Boris Johnson walks back into No 10 after he announced his resignation as leader of the Conservative Party

Boris Johnson walks back into No 10 after he announced his resignation as leader of the Conservative Party
Britain's Foreign Secretary Liz Truss walks to attend a bilateral meeting with Indonesian Foreign Minister Retno Marsudi ahead of the G20 Foreign Ministers' Meeting in Nusa Dua, Bali,

Penny Mordaunt popped up to give a speech in London
Britain’s Foreign Secretary Liz Truss walks to attend a bilateral meeting with Indonesian Foreign Minister Retno Marsudi ahead of the G20 Foreign Ministers’ Meeting in Nusa Dua, Bali. Penny Mordaunt popped up to give a speech in London
Mr Wallace, pictured at Sunday's British Grand Prix at Silverstone, has dramatically increased in popularity during the Ukraine crisis. He has not said if he will stand

Mr Wallace, pictured at Sunday’s British Grand Prix at Silverstone, has dramatically increased in popularity during the Ukraine crisis. He has not said if he will stand
Nadhim Zahawi chairs a meeting with Andrew Bailey, The Governor of the Bank of England today. He is said to have been planning for this for months

Michael Gove
Nadhim Zahawi chairs a meeting with Andrew Bailey, The Governor of the Bank of England today. He is said to have been planning for this for months. Michael Gove, pictured right, is said to have ruled out running

The Chancellor has reportedly spent months working on plans that include proposals to cut corporation tax and VAT.

Boris Johnson’s ex-strategist Mark Fullbrook is running the campaign, according to The Times. The plan is apparently ready to put into action and Mr Zahawi was prepared to resign this week if he had not been made Chancellor.

This morning he knifed Mr Johnson, 24 hours after backing him.

Tory MP Damian Green has given the clearest indication yet that Tom Tugendhat will run to replace Boris Johnson as leader of the Conservative Party. Until today Mr Tugendhat has largely tweeted about learning to plait his daughter’s hair.

But he said today:

‘Right call by Boris Johnson to resign. Delivered Brexit, rolled out the vaccine and led on Ukraine. Now we need a clean start’.

Mr Green, an old ally of former prime minister Theresa May, told Sky News that he would be backing the chair of the Foreign Affairs Committee in any leadership contest.

‘I think we need a fresh start. And, in particular, we need to restore trust in government, not just in this Government or a Conservative government, but in the way we do government more widely. I think having somebody who’s not in the Cabinet… I think that’s an advantage.’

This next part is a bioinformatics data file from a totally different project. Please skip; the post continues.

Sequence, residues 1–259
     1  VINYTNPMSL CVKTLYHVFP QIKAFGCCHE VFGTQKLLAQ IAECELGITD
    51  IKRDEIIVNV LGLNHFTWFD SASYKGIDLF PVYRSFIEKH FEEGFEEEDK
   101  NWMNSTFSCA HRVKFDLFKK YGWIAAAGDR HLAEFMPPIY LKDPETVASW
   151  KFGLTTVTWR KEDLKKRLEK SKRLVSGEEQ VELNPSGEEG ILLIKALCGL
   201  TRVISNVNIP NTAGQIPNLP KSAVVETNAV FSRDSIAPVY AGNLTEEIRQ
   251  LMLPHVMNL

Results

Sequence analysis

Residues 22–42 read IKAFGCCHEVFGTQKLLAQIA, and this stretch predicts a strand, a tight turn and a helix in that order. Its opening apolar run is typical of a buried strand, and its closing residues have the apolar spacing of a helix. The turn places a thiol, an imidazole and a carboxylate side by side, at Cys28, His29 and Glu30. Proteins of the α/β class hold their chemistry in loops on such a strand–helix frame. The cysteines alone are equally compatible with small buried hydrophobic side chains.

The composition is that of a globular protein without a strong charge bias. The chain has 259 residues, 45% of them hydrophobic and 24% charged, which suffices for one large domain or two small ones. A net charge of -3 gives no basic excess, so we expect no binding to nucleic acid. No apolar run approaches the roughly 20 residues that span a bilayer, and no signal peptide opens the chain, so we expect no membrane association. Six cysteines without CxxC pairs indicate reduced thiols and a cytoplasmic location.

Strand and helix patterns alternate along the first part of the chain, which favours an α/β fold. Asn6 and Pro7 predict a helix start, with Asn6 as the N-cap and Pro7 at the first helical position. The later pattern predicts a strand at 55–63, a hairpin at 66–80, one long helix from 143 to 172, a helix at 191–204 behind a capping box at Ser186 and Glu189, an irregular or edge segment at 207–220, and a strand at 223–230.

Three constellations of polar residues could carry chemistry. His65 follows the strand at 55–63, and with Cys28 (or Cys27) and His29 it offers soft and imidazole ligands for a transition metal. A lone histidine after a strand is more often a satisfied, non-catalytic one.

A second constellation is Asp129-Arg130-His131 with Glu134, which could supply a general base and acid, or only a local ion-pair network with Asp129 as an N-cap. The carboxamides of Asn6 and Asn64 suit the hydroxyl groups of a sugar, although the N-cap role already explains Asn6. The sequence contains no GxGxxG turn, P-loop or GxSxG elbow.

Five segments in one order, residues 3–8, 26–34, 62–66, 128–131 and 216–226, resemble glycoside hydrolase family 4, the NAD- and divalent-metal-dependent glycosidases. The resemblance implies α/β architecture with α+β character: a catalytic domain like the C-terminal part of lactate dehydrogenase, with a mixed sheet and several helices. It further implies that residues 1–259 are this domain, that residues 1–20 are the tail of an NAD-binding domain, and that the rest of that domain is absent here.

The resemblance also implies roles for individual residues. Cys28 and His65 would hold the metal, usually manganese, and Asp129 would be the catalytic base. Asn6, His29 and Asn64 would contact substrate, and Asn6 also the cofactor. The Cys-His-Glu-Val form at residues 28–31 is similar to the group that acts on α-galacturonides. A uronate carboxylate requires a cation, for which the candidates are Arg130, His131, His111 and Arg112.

Asked if Mr Tugendhat was definitely running, he said: ‘I hope so, otherwise I wouldn’t be saying this. So, yes, I think you can, you can take it that Tom is going to run’.

Former prime minister Sir John Major has said it would be ‘unwise and may be unsustainable’ for Boris Johnson to remain in office while a new Tory leader is elected.

Sir John warned Mr Johnson would continue to have the power of patronage and the ability to make decisions affecting the lives of people across the country despite losing the support of his MPs and ministers.

He warned the new interim Cabinet appointed by Mr Johnson following the wave of resignations this week may not be able to ‘restrain him’.

In a letter to Tory 1922 Committee chairman Sir Graham Brady, Sir John said: ‘The proposal for the Prime Minister to remain in office – for up to three months – having lost the support of his Cabinet, his Government and his parliamentary party is unwise, and may be unsustainable.

‘In such a circumstance the Prime Minister maintains the power of patronage and, of even greater concern, the power to make decisions which will affect the lives of those within all four nations of the United Kingdom and further afield.

‘Some will argue that his new Cabinet will restrain him. I merely note that his previous Cabinet did not – or could not – do so.’

Sir John suggested Deputy Prime Minister Dominic Raab could serve as acting prime minister until a new leader is elected.

Or he said Tory MPs could elect the new leader who would become prime minister, with party members then asked to endorse the decision.

Sir John said:

‘Neither of these options is ideal, but the interests of the country must be given priority over all else and with so many long-term and critical issues before us, an imaginative response even at the risk of some bruised feelings within the party is most definitely in the national interest.’

Under the expected timetable, Conservative MPs will take part in a series of votes to whittle leadership candidates down to two, with Tory members then deciding the winner.

The process could take months, with a new leader expected to be in place before the party conference in October.

Bookmakers are currently making Rishi Sunak – who quit as Chancellor only two days ago – and Deputy Prime Minister Dominic Raab joint favourites at 4/1.

But there are a series of other potential frontrunners to replace Mr Johnson as Prime Minister, such as Penny Mordaunt and Ben Wallace who are both at 5/1.

Leadership candidate Tom Turgendhat has not mentioned Boris Johnson's future - instead concentrating on doing his daughter's hair before school. But insiders have claimed he is ready to run

Leadership candidate Tom Turgendhat has not mentioned Boris Johnson’s future – instead concentrating on doing his daughter’s hair before school. But insiders have claimed he is ready to run